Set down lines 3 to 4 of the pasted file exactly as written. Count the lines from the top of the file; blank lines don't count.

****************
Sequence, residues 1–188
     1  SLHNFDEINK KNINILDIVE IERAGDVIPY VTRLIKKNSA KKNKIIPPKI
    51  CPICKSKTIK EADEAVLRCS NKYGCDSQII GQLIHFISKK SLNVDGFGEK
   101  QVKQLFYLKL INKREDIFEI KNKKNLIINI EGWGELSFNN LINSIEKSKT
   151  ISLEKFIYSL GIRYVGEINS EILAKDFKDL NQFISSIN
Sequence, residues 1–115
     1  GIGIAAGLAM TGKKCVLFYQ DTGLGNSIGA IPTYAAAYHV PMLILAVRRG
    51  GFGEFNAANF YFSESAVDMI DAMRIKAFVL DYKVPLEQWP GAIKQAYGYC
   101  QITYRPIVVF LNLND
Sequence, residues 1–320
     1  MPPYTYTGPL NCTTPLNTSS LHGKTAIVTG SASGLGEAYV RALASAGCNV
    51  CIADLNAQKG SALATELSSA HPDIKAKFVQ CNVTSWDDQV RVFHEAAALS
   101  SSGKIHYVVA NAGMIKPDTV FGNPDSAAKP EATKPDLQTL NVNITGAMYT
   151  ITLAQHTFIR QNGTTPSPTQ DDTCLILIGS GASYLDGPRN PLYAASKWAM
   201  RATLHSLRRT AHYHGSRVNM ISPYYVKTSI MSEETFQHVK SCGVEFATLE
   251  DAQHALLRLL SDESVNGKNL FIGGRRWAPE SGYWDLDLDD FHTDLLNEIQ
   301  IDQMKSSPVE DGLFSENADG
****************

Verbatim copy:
    51  CPICKSKTIK EADEAVLRCS NKYGCDSQII GQLIHFISKK SLNVDGFGEK
   101  QVKQLFYLKL INKREDIFEI KNKKNLIINI EGWGELSFNN LINSIEKSKT